Anwesha Pal graduated from WBNUJS in 2009, and thereafter pursued her LL.M in IPR from Nottingham University. Presently, she is an Assistant Professor at Institute of Law, Nirma University.
We had earlier reached out to her to share her LL.M experience at Nottingham:
In this interview we speak to her about:
- Pursuing Masters from Indian and Foreign Universities
- Best Universities for Intellectual Property studies
- Opting for teaching and on scoring higher
When and how did you decide to pursue Masters and further studies?
It was in my final year of NUJS that I wanted to study further and wanted to apply to the UK before the fees were hiked up due to the cutting down of the Government subsidies to universities. So I zeroed in on various universities including King’s, Queen Mary, UCL, Warwick and Nottingham, out of which I chose University of Nottingham to do my LL.M in International Commercial Law. However, I didn’t think of getting into academics full-time then, and kept my options open.
Which universities did you select for your LL.M?
I chose University of Nottingham, King’s College London, UCL, Queen Mary University of London, University College London, and University of Warwick.
How different is an LL.M in India from one abroad?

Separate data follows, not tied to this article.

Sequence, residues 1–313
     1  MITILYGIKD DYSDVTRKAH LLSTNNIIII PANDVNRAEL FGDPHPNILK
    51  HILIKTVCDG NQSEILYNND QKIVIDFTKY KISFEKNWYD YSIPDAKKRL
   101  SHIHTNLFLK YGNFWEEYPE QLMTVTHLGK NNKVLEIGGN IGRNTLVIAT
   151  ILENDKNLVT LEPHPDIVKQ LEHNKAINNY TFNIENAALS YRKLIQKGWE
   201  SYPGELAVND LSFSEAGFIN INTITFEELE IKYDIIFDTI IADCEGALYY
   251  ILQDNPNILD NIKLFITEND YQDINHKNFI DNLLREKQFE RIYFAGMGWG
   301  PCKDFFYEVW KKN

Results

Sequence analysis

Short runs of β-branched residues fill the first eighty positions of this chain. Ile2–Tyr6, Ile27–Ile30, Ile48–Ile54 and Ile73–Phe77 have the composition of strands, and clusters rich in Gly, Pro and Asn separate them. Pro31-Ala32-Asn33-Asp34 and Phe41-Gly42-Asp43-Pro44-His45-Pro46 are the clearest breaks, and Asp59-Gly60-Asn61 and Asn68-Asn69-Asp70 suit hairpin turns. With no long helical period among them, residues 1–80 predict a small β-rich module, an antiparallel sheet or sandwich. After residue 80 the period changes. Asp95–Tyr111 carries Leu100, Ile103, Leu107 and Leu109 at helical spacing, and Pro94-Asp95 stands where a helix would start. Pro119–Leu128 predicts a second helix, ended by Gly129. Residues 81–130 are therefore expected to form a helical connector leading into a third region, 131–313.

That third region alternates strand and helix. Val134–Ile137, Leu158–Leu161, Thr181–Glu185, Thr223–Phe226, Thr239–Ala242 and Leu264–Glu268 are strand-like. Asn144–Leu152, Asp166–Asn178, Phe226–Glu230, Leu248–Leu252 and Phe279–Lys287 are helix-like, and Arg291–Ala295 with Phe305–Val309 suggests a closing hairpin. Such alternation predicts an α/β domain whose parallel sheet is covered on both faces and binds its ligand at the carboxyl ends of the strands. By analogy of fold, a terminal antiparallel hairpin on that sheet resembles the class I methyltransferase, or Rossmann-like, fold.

There is quite a difference between the two of them. LL.M in Indian universities is more of a spoon feeding business. However, in the UK I found that the students had to take the responsibility of their own learning themselves. One difference that I often talk about with my friends is the way dissertations are treated in both the countries. In the UK we were supposed to find out our own topics and research all by ourselves without any help whatsoever from the supervisor and only at the time of getting the topic approved one can meet and consult the supervisor. But in Indian Universities the dissertation supervisor plays a huge role in the shaping of your dissertation. If you do not have a good supervisor you actually will not learn anything and eventually your dissertation’s quality could be compromised.